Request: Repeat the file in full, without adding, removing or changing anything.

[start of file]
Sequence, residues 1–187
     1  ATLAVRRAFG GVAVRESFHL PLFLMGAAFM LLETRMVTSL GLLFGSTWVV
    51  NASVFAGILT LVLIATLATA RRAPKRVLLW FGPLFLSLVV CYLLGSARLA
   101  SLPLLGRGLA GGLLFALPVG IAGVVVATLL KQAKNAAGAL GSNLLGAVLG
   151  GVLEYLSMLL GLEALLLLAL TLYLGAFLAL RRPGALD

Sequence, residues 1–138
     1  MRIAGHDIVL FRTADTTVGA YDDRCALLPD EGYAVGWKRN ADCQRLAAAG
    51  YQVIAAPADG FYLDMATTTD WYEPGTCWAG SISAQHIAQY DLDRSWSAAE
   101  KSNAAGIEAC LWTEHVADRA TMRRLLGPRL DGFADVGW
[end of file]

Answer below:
Sequence, residues 1–187
     1  ATLAVRRAFG GVAVRESFHL PLFLMGAAFM LLETRMVTSL GLLFGSTWVV
    51  NASVFAGILT LVLIATLATA RRAPKRVLLW FGPLFLSLVV CYLLGSARLA
   101  SLPLLGRGLA GGLLFALPVG IAGVVVATLL KQAKNAAGAL GSNLLGAVLG
   151  GVLEYLSMLL GLEALLLLAL TLYLGAFLAL RRPGALD

Sequence, residues 1–138
     1  MRIAGHDIVL FRTADTTVGA YDDRCALLPD EGYAVGWKRN ADCQRLAAAG
    51  YQVIAAPADG FYLDMATTTD WYEPGTCWAG SISAQHIAQY DLDRSWSAAE
   101  KSNAAGIEAC LWTEHVADRA TMRRLLGPRL DGFADVGW